This Week in Managed Care: May 26, 2017

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This week, the top managed care news included the Congressional Budget Office's new score for the American Health Care Act; the White House released its fiscal year 2018 budget; and a cancer drug approval that is a first for the FDA.


The CBO weighs in on the House healthcare bill, science and health groups are not happy about Trump’s new budget, and the FDA breaks new ground with a cancer drug approval.

Welcome to This Week in Managed Care, I’m Laura Joszt.


This week, the Congressional Budget Office (CBO) gave a revised score for the American Health Care Act, which passed the House of Representatives on May 4th.

The new estimate finds 23 million people will lose coverage over 10 years, and that the bill will save $119 billion dollars. But CBO also found that a late change to the House bill, the MacArthur amendment, could lead to large premium disparities for those with chronic conditions, if they live in states that are likely to seek waivers from current rules that require community rating and coverage for essential health benefits.

The CBO found: “Over time, it would become more difficult for less healthy people (including people with preexisting medical conditions) in those states to purchase insurance because their premiums would continue to increase rapidly.”

A Senate working group is expected to write its own version of a replacement for the Affordable Care Act.

White House Reveals Budget

The Trump Administration released its budget for fiscal year 2018 this week, and White House Budget Director Mick Mulvaney said it was “the first time in a long time that an administration has written a budget through the eyes of the people who are actually paying the taxes.”

The budget contains several cuts to basic science and healthcare programs, including:

  • $610 million to Medicaid over 10 years, on top of more than $800 million in cuts assumed by the AHCA
  • $5.7 billion over 2 years to the Children’s Health Insurance Program
  • $5.8 billion from the National Institutes of Health
  • $1 billion from the CDC, which would harm the Diabetes Prevention Program scheduled to start in Medicare in January
  • $855 million from the FDA, replaced with industry fees

Many groups called on Congress to reverse the cuts, including Daniel Hayes, MD, FACP, FASCO, president of the American Society of Clinical Oncology, who said: “Our biomedical research infrastructure is vital to sustaining the health and safety of our citizens. If allowed to crumble, it will take decades to rebuild. ASCO is ready to work with lawmakers to develop a budget that adequately funds cancer care and research infrastructure—and better serves the estimated 2.1 million Medicaid beneficiaries who have a cancer diagnosis or are cancer survivors.”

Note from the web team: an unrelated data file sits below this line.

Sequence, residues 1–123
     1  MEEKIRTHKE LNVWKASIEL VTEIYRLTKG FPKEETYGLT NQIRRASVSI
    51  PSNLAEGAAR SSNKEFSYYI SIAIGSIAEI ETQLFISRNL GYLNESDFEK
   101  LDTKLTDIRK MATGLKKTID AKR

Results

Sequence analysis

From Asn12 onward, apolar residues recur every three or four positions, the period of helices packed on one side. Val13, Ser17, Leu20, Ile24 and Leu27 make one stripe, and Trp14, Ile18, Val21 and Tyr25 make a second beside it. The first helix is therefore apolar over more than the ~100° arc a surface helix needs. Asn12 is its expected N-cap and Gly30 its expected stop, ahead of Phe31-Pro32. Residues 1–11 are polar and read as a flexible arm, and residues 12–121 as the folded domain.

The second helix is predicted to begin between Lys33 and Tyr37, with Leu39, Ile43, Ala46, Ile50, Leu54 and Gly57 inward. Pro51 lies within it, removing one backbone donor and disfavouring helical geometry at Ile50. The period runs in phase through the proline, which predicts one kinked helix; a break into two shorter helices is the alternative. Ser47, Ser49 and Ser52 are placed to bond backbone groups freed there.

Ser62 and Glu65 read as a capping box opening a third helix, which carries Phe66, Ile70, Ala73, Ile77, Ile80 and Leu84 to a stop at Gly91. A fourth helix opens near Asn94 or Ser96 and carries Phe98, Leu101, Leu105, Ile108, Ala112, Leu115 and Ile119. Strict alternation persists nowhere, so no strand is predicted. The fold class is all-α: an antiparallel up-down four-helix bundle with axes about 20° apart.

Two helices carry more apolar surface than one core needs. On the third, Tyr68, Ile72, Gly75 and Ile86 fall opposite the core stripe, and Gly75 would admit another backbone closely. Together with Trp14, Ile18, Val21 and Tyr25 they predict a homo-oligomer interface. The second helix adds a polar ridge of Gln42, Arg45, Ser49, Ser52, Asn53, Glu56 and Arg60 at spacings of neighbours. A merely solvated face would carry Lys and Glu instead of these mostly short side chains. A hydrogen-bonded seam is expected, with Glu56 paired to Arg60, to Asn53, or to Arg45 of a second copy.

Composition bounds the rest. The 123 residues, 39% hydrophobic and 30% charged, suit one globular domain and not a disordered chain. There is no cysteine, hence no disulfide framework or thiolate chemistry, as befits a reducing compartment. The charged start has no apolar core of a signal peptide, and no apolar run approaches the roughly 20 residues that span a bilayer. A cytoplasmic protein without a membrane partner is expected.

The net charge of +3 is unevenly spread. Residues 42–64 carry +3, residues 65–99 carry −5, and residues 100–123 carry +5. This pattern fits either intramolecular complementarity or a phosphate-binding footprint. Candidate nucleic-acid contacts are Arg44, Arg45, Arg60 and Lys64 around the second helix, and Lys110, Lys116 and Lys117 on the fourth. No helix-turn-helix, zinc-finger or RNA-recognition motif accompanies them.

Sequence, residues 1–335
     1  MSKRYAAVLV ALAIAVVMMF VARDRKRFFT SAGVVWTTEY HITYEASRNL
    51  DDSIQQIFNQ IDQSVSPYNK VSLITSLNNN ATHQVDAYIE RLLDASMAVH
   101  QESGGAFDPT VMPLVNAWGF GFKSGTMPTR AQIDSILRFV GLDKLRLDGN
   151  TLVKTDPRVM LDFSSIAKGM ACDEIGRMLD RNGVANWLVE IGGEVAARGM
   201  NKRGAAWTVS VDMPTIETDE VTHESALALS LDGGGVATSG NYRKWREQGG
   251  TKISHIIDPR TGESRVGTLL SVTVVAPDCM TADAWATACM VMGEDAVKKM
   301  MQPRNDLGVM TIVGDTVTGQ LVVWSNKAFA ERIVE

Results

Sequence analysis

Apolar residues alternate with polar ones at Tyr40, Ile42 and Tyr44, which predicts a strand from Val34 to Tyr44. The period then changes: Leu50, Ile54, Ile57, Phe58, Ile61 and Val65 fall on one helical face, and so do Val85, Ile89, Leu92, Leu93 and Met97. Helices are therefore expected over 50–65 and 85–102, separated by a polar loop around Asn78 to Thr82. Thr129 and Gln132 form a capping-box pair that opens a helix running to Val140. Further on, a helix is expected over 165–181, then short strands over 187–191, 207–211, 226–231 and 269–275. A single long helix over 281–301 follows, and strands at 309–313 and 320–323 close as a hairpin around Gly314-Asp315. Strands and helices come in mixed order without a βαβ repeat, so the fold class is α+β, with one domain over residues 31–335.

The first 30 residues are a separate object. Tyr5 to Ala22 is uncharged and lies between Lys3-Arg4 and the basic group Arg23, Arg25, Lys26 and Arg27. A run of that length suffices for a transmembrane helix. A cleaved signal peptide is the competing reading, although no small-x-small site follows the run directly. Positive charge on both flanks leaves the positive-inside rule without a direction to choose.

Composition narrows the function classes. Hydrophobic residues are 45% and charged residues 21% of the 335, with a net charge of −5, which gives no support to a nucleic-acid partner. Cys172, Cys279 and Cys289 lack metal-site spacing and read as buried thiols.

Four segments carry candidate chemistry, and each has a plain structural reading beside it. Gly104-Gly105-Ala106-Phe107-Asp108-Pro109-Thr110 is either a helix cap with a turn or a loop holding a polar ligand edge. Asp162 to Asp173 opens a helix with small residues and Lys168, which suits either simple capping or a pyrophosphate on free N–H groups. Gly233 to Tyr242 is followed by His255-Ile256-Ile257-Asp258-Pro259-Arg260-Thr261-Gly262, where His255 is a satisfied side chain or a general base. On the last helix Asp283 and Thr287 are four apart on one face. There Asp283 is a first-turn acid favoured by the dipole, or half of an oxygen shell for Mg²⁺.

A First for FDA

FDA broke new ground in precision medicine this week, when it granted a drug approval based on a genetic marker, not a tumor location.

The approval given for pembrolizumab, sold as Keytruda, is for the treatment of adult and pediatric patients who have unresectable or metastatic, microsatellite, instability high or mismatch repair deficient solid tumors, that have progressed after treatment, or who have no other treatment options.

The drug was also approved for patients whose colorectal cancer has progressed after treatment with three other specific therapies. The new indication was granted under FDA’s accelerated approval process.

Health Economics Trends

AJMC traveled this week to Boston for the annual meeting of the International Society for Pharmacoeconomics and Outcomes Research, known as ISPOR. We spoke with Dr. James Chambers, winner of the Bernie J. O’Brien New Investigator Award, about trends he sees coming in the next 5 years. Watch the interview.

See more coverage from ISPOR.

Gottlieb's Plan for the Opioid Crisis

Finally, in one of his first acts as FDA Commissioner, Scott Gottlieb, MD, outlined how he plans to tackle the nation’s opioid crisis.

In an open letter published on the FDA Voice blog, Gottlieb announced the creation of an Opioid Policy Steering Committee within FDA and listed 3 questions for the group;

  • When should FDA require mandatory prescriber education?
  • How can FDA ensure that prescribing is appropriate?
  • What should be the standards for approving new opioid medications?

For all of us at the Managed Markets News Network, I’m Laura Joszt. Thanks for joining us.